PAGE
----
Statues and sphinxes from the time of Amenhotep adorn the museums of the world. Modern travellers, adventurers, explorers and scholars took their pick, and the masterpieces are in the British Museum, the Louvre, St Petersburg, the Boston Museum of Fine Arts, the Berlin Egyptian Museum and the Luxor Museum. The work is distinctive. The sculptors who fashioned the works sometimes perpetuated stylistic tendencies of earlier reigns, but there appears to have been a school of artisans working near the mortuary temple who created a new type of sculpture in which facial features were reduced to a few stylised details. The king's long narrow eyes, for example, are completely encircled by lid folds, his lips are sensuous, and his brows are slightly downturned. His elegant statues and sphinxes anticipate the sculpture of the so-called Amarna period. The fine head of the Pharaoh in the Luxor Museum, excavated by the late Egyptologist Labib Habachi in the mid 1950s, is a fine example of his period.
When the 1989-1990 survey of the colossi was completed, the mission continued to excavate and identify the locations of the pylons and other architectural elements. Statues, or parts of them, were lifted out of the accumulated mud, cleaned and placed in what will eventually become an open air museum. Work might have continued at the same pace, had not a devastating fire brought attention to the area.
The blaze was probably caused when an attempt was made by well-meaning local farmers to curtail the growth of a fast-spreading and deep-rooted weed, halfa grass, which springs up as quickly as it can be cut down. It is a sturdy weed, difficult to control, and it is almost impossible to excavate when it is around. Setting it alight caused serious damage to the monuments, both from the dense smoke and the heat, which was so intense that some of the beautifully-inscribed stone elements split.
It was clear that, although the weed problem had to be addressed, burning was no solution. Nor was the use of chemicals to curb its growth, since that would inevitably have a disastrous effect on the ancient monuments, and on agriculture too. It soon became clear that if this great monument were to be protected and conserved, a "rescue operation" of greater magnitude was called for. Such a mission was set in motion in the 1998-1999 season. This time, Rainer Stadelmann worked together with Hourig Sourouzian of the German Archaeological Institute, supported by the World Monument Fund.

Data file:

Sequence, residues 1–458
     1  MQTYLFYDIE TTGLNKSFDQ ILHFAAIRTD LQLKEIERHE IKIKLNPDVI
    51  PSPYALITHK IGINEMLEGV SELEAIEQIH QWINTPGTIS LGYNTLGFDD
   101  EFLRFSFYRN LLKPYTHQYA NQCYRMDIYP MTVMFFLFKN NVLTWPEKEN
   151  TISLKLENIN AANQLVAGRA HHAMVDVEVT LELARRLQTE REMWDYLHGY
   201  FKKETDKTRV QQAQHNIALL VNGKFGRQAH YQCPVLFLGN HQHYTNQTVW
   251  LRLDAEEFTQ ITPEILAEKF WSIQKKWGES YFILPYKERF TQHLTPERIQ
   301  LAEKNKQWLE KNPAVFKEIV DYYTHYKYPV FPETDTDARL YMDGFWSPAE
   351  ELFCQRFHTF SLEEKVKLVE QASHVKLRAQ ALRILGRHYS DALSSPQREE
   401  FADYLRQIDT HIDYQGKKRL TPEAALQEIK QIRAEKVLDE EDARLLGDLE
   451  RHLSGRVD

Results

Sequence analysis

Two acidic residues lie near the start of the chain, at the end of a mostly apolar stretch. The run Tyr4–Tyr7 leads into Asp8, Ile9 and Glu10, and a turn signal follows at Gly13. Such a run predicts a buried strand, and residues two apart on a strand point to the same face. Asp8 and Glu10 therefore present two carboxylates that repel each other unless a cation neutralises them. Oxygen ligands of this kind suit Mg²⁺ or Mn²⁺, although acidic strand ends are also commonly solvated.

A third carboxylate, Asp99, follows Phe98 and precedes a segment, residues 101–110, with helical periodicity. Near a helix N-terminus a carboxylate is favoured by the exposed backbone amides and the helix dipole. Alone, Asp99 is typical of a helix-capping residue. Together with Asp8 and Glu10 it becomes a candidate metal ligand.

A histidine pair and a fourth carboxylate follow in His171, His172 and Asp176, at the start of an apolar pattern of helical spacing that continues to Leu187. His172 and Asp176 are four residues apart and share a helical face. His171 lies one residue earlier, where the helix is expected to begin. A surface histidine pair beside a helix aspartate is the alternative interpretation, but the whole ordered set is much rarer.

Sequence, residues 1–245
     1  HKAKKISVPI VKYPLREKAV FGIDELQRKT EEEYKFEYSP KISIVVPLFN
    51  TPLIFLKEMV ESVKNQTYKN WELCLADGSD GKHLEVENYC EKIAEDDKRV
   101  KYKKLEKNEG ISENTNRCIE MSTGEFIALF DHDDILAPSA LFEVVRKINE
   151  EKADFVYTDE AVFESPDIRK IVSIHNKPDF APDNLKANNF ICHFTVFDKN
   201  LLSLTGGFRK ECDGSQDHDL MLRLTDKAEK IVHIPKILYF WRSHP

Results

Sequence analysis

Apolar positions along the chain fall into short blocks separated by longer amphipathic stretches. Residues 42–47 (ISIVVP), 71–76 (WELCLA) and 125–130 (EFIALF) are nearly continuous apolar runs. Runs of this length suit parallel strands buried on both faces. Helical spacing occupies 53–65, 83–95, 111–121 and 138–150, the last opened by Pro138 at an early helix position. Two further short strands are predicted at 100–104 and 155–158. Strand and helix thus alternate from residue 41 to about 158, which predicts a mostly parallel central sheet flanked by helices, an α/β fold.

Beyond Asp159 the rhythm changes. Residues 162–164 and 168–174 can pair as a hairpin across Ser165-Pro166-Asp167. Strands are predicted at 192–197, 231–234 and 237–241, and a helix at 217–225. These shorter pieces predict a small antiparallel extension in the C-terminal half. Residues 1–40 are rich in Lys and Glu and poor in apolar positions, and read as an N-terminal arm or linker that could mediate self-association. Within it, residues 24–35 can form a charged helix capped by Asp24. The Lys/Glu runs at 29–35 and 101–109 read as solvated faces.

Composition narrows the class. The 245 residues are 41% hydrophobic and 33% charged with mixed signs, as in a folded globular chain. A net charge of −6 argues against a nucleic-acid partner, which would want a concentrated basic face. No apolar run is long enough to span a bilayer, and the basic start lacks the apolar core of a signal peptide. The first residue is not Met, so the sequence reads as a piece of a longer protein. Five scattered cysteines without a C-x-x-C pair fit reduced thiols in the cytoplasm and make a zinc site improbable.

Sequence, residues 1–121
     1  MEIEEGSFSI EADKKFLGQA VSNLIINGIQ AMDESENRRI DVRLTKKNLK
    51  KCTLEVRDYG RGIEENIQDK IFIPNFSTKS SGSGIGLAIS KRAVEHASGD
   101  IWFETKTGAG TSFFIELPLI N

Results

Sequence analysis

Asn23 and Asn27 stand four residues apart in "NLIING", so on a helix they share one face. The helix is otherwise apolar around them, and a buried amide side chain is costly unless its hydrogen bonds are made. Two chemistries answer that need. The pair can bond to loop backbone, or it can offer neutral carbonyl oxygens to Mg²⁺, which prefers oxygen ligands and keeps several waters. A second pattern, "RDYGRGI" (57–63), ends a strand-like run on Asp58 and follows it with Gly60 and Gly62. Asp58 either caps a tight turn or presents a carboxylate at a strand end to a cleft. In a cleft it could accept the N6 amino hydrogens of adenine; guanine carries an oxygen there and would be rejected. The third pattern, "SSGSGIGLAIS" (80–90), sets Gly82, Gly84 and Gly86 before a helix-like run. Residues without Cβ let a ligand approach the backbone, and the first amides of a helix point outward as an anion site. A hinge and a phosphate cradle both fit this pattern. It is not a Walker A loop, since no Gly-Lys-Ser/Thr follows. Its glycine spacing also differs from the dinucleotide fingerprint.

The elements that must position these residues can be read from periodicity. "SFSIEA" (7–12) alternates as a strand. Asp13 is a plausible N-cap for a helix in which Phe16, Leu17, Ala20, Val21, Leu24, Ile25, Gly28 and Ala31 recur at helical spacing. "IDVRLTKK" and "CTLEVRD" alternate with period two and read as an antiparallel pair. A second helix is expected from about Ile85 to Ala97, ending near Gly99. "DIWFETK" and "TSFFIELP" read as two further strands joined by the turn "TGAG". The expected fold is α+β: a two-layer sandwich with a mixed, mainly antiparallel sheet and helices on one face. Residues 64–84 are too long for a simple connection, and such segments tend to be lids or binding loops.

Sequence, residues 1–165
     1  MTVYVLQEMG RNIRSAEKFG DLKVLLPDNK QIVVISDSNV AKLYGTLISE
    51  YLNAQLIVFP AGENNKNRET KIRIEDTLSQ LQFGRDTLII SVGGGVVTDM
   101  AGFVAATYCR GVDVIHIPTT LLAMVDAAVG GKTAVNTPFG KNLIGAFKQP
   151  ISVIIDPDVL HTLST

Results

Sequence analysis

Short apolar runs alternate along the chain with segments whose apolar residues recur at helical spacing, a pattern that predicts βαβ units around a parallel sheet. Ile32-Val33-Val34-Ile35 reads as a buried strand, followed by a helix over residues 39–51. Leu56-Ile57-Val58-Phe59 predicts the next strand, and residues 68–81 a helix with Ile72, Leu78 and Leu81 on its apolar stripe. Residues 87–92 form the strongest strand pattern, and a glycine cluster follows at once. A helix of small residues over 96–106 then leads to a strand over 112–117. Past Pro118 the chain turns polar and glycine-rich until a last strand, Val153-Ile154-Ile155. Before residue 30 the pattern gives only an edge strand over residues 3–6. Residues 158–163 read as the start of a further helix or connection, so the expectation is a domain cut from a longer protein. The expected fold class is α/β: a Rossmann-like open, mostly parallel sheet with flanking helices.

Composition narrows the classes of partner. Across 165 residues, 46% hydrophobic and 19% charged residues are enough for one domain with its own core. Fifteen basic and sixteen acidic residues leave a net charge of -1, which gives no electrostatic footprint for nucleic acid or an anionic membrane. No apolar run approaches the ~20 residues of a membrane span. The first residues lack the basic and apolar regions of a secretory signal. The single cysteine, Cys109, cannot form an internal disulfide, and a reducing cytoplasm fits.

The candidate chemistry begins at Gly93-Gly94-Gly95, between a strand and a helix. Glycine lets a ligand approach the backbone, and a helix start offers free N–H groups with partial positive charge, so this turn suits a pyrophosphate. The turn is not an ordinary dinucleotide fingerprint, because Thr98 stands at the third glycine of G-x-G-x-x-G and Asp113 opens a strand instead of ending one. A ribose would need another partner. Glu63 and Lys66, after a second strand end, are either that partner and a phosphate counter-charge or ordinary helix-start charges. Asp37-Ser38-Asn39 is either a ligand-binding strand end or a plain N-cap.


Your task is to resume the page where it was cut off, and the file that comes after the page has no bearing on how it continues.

Their impressive work is now being continued as an Egyptian-European mission, working under the umbrella of the Supreme Council of Antiquities, with archaeologists, restorers, and technicians from Egypt, France, Germany and Spain hard at work.
Long gone are the days of plunder, when the British Consul Salt and his agents Belzoni and Yanni Athanasi shipped the quartzite heads of the colossal statues of Amenhotep III abroad -- that was before there was any control on the shipment of antiquities. Long gone, too, are the excavations of the Service of Antiquities under Labib Habachi who, back in 1949, first suggested to the Swiss Institute of Archaeology that something should be done to save the mortuary temples on the Theban necropolis.
And so today, in this era of advanced technology, "salvage archaeology" is being carried out on the Theban necropolis as it was earlier carried out during the UNESCO campaign to save the monuments of Nubia in the 1960s. But salvage archaeology is costly, and funds are urgently needed to continue the work.
A team led by Horst Yaritz of the Swiss Institute of Archaeology is identifying blocks usurped from the mortuary temple of Amenhotep III and reused in the construction of the mortuary temple of Merenptahits. An open-air museum of the restored objects is being set up. Following a presentation by Sourouzian on this work at the Merenptahits temple, Gaballa Ali Gaballa, chairman of the Supreme Council of Antiquities, commented that the danger to the monuments on the Theban necropolis was serious, and was caused by the stabilisation of the Nile after the High Dam was built. The higher average water-table was damaging the monument through seepage and salt erosion, and causing progressive deterioration. "There is no easy solution," he says. "We must do all we can to save the monuments while there is still time."
Kom Al-Hettan: The Mortuary Temple of Thutmose III